Ezri’s Neurology Appointment
Tags: dacrystic seizures, gelastic seizures, HopeforHH.org, hypothalamic hamartoma, Living with Hypothalamic Hamartoma, medication changes
I know I will regret saying this as soon as I say it, but this past week has been unusually good for Ezri. Sometimes it seems that all we need is an upcoming neurology appointment so the HH can deceive us, quieting itself down a bit and allowing Ezri some of the most "normal" days she is ever able to have. I am always awed by Ezri's maturity on the rare periods and days where she is doing well like this because she is so happy (not in a gelastic way, but a peaceful way) and she is easy and eager to help me or anyone around her in any way she can. At these tunes she simply 'exudes' goodness which may sound cheesy, but is true. It also reminds me just how much the HH is affecting her all day long each and every day, as there are many, many instances where she gets upset on a typical day and even I have a hard time knowing for sure if its HH related or '6-year-old' related.
Last Friday we saw our neurologist for another appointment. Ezri is now off of the Tegretol and continuing with the Keppra and Lexapro, both of which have had significant positive effects for her, but we are still in search of an anti-convulsant that might help the numerous sad and/or sometimes angry spells that occur on a daily basis. At this point we have tried much of what is out there and so decided to try a new anti-convulsant, Potiga. Apparently this one works in a unique way, so although chances are slim to none of an anti-convulsant working on gelastic-level-seizures, I am keeping my fingers crossed that this one will help.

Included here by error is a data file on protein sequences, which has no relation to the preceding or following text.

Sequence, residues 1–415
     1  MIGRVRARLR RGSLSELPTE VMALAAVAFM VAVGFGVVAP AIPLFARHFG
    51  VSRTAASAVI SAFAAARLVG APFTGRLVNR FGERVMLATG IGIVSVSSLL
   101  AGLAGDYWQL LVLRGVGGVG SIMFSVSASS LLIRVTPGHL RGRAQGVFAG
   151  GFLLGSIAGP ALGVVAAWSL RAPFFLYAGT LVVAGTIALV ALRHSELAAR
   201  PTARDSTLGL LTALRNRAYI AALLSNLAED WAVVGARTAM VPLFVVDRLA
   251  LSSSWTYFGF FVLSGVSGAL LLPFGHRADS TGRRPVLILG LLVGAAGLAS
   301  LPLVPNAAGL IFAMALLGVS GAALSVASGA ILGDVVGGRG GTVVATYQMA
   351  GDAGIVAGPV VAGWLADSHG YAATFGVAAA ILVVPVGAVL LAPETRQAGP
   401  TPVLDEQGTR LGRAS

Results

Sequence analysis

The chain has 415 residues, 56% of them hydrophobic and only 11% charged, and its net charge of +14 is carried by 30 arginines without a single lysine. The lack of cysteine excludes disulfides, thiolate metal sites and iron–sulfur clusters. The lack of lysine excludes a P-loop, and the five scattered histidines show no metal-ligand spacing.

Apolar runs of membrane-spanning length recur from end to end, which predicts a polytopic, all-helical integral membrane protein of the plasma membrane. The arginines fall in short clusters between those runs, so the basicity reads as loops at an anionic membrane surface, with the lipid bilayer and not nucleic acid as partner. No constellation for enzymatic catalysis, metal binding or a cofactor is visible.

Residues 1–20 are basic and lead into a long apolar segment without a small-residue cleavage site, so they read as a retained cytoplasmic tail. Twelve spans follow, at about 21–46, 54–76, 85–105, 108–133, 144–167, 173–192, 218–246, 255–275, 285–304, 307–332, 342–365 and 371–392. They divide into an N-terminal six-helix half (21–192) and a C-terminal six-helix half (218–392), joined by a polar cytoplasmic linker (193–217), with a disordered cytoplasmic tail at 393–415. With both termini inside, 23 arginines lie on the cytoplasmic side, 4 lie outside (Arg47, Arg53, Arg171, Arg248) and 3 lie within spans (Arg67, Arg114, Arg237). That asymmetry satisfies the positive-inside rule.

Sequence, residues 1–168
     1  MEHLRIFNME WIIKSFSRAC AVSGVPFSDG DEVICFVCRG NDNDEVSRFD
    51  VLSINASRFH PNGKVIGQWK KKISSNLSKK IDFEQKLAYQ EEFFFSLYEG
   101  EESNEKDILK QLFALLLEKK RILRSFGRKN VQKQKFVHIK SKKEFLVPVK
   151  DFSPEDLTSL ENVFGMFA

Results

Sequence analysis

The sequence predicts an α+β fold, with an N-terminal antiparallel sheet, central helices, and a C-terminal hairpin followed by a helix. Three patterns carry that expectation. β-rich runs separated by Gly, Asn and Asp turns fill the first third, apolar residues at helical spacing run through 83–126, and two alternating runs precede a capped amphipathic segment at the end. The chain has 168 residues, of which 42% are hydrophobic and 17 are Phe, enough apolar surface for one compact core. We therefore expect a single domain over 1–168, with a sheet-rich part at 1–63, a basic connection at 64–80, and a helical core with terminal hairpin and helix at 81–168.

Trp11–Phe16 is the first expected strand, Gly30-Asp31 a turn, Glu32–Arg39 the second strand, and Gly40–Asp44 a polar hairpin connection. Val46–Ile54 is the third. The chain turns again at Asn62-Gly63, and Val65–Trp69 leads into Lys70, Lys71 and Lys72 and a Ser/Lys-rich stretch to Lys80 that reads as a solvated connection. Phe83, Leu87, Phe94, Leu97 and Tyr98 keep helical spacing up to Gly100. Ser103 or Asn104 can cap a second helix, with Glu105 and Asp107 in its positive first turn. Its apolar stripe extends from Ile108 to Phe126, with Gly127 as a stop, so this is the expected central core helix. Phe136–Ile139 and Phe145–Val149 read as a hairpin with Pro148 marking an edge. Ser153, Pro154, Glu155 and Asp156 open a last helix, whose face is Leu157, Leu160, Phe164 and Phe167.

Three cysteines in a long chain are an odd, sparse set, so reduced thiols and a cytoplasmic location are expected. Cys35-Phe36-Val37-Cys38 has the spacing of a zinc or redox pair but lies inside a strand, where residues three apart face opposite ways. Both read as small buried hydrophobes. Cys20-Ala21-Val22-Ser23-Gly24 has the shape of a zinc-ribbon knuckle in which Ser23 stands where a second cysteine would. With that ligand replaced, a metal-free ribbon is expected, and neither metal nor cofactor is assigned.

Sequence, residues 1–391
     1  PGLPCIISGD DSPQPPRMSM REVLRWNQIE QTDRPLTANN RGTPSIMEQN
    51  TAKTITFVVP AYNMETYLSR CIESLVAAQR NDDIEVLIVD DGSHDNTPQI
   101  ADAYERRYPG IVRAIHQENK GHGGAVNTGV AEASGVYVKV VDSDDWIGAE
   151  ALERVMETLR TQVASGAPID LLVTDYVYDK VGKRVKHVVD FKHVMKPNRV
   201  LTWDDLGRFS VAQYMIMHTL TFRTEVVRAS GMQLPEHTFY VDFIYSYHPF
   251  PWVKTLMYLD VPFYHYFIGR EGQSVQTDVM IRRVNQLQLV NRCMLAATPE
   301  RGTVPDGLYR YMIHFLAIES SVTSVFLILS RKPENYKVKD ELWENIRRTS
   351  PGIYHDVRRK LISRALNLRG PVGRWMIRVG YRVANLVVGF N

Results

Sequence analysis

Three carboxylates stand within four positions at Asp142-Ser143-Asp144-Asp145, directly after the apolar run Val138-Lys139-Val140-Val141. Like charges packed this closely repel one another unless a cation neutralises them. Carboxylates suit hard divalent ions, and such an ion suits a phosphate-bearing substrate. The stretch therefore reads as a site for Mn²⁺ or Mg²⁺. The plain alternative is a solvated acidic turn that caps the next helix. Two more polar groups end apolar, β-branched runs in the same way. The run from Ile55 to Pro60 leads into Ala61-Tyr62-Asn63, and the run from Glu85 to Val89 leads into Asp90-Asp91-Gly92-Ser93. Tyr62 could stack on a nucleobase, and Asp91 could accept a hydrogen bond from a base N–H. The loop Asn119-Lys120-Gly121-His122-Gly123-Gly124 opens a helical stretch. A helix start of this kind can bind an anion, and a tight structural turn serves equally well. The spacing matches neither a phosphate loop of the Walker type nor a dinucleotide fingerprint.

It was also interesting to watch the doctor testing her reflexes this time because of what I've learned in physiology as of late. All of them are 'normal' except I noted when he did the 'Babinski' test on the right foot that Ezri's toes flex up and fan outwards (this, after the sole of her foot is stroked from heel to ball). It means there is neurological damage to the motor neurons in the brain, which happens to be on the opposite (left) side because of the way they cross over on the path to the brain. This something we've known since that first surgery she had, but neat to see the puzzle pieces fitting together and why.
As of tonight, we have not started the Potiga. It's been waiting at the pharmacy for 2 days now, but I have been so happy with how Ezri has been doing these past few days that I wish it could continue forever and I won't make any changes until there's a 'need.' Keeping fingers crossed that Ezri will continue to encounter more days like these last few!